How to create a Weathered Wood Paint Finish - Creative faux effects          

Weathered Doors and Windows

This technique creates a wonderfully time worn accent that can be essential in defining the rustic interior.

The final appearance is one of old wood, stripped of paint. It suits many interior spaces and, by changing the colors, you can adapt this technique to most interior schemes. Because of the easy application of this effect, the completed look is simple, unassuming rustic charm.

Rustic Style Classic Elegance

Stucco Rustico is a Traditional interior and exterior textured plaster that epitomizes the rustic old world charm commonly associated with Tuscan environments. I love this treatment for its ease of application and the natural, organic glazed appearance that results when using mineral based plasters and glazes. Whether a rough application or a smooth finish, this treatment holds true to the test of time and, in fact, feels as if time itself stopped to wash the walls personally.


Rustic Plaster

Step 1:

This faux finish effect works best over an unfinished or previously stained door or window surround. If you are working on a pre-finished door you’ll need to strip the finish, or use 180 grit sandpaper, sanding in the direction of the grain. Sand the surface until it is completely dull, though not necessarily to raw wood.

Step 2:

On unfinished doors, apply a wood stain using a staining pad or rag. Use a clean brush when necessary to get into corners or crevices.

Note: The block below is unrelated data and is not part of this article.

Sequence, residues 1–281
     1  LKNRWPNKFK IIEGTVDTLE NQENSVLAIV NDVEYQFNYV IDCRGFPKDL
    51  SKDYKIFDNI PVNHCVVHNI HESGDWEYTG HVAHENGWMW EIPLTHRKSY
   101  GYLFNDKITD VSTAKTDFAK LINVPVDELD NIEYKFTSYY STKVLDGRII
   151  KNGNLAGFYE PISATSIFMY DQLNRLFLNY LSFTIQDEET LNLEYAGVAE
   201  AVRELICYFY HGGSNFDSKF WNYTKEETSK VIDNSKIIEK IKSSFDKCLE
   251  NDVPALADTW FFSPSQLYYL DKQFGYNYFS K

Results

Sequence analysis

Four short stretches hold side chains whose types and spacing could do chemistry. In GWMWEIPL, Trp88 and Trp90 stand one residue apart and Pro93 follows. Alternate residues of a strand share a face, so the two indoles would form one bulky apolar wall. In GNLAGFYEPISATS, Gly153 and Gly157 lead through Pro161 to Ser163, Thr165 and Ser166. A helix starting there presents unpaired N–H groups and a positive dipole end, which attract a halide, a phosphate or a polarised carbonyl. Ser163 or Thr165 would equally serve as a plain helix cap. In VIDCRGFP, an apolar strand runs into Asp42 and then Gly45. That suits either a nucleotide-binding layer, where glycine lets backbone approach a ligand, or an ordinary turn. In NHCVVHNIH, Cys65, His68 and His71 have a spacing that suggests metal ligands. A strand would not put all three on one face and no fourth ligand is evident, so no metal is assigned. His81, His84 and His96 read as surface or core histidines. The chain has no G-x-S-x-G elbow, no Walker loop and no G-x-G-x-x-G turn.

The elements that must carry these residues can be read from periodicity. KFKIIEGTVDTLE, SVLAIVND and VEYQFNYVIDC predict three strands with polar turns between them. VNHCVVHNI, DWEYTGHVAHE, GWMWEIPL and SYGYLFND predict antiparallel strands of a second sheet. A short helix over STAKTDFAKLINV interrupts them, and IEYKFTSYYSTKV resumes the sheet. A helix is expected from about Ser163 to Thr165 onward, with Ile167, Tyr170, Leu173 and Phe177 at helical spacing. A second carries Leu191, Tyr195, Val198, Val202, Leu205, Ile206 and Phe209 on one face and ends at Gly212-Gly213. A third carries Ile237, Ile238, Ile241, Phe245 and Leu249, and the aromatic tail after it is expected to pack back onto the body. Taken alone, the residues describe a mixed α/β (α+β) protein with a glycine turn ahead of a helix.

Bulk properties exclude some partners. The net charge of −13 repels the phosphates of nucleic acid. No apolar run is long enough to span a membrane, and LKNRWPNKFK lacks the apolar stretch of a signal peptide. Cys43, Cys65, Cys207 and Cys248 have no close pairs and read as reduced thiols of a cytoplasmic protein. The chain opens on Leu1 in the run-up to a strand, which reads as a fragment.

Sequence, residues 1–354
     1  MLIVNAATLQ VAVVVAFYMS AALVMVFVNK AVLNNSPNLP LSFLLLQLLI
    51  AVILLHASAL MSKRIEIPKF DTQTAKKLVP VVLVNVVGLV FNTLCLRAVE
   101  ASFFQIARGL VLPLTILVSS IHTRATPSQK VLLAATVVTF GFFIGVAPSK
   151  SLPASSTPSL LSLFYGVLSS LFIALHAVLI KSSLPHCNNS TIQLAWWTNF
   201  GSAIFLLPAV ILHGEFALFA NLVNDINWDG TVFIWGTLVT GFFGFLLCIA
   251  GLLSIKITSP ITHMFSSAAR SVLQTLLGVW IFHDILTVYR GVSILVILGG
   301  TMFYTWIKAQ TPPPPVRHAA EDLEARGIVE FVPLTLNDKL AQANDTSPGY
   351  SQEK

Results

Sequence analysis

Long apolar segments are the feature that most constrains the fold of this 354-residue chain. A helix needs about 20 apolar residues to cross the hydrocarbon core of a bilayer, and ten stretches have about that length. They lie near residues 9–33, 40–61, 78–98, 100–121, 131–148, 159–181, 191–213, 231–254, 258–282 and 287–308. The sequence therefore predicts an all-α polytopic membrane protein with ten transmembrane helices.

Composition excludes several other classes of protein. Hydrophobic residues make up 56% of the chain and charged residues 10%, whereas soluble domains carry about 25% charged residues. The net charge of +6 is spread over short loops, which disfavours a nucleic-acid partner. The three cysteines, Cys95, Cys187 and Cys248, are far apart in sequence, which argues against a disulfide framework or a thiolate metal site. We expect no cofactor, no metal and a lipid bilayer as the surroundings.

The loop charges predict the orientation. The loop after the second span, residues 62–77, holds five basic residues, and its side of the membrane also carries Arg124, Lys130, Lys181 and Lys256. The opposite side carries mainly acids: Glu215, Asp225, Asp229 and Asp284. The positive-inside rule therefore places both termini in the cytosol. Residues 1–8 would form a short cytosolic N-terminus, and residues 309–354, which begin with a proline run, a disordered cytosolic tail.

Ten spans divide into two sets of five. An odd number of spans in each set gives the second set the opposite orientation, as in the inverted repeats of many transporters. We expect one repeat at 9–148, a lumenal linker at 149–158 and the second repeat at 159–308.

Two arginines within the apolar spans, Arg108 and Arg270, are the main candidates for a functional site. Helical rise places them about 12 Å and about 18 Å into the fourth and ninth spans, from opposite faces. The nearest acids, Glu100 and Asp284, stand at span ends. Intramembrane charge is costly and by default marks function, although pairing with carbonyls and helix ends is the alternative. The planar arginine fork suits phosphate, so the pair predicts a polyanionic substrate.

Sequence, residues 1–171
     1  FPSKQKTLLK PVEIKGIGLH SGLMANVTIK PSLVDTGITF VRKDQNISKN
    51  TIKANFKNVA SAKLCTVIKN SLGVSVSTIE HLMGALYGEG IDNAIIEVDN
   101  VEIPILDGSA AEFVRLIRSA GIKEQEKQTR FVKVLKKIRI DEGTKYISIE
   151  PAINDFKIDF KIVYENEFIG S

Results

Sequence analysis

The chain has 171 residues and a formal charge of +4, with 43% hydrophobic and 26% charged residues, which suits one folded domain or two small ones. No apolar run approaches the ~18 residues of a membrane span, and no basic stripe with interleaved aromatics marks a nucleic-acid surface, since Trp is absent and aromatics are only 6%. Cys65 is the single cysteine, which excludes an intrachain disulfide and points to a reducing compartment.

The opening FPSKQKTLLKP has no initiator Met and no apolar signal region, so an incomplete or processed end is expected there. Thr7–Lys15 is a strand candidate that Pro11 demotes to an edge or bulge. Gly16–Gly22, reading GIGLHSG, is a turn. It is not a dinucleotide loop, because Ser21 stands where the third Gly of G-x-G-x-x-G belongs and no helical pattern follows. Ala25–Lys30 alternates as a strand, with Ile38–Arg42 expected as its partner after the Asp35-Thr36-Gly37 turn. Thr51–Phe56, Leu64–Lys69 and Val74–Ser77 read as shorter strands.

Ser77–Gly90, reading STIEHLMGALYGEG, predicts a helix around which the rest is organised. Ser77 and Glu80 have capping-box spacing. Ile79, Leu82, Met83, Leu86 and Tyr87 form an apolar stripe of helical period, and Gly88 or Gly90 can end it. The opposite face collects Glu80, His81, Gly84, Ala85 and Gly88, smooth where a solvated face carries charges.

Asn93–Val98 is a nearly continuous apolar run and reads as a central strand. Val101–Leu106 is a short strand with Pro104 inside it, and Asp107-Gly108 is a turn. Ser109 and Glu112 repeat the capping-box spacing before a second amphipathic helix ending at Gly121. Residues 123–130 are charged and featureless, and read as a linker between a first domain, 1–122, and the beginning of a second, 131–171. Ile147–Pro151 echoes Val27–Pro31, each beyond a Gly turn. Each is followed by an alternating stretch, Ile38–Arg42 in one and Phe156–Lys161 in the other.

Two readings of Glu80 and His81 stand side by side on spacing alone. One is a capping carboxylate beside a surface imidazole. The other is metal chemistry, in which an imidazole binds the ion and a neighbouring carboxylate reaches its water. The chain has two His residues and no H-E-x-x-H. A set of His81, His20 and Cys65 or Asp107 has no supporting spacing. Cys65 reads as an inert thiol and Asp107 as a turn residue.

When staining, work from the bottom upward. This way you prevent drips or spatters landing on unfinished wood. When applying your stain, use a fresh, dry rag to remove excess and facilitate even coverage.

Step 3:

Applying the weathered finish. Dip a dry brush lightly into the paint and wipe it loosely over newspaper to remove any excess build up. Now drag the dry brush over the door or window surface. Keep a very light touch and pull the paint in the direction of the wood-grain. The objective is to leave only a small amount of paint on the surface, in streaks that follow the direction of the wood grain or panels.

Step 4:

With a clean rag, periodically wipe off excess paint from your brush. If you want a more opaque appearance you can always build up the paint density by repeating the procedure.

Diagram 1.
The diagram below outlines the basic method for dragging on a door frame or panel.
A: If applicable, begin with center panel (1), dragging downward in even strokes.
B: Add paint to the inside panel molding (2).
C: Drag top and bottom panel in a horizontal manner (3). Try to start and stop where the panels join. This mimics the grain pattern of how the door is put together.
D: Drag left and right panel (4), carefully dragging against clean line created in step C with your dry brush.

Step 5:

5. It’s important to pay attention to details. Look for any missed spots at the inside edgings of door or window panels and areas around hinges and door knobs. 

Allow to dry fully (2 -3 hours). Remove masking tape from glass, hinges and door knobs. You may choose to apply a protective clear coat finish in a low luster or satin finish for extra protection.

weathered wood decorative finish

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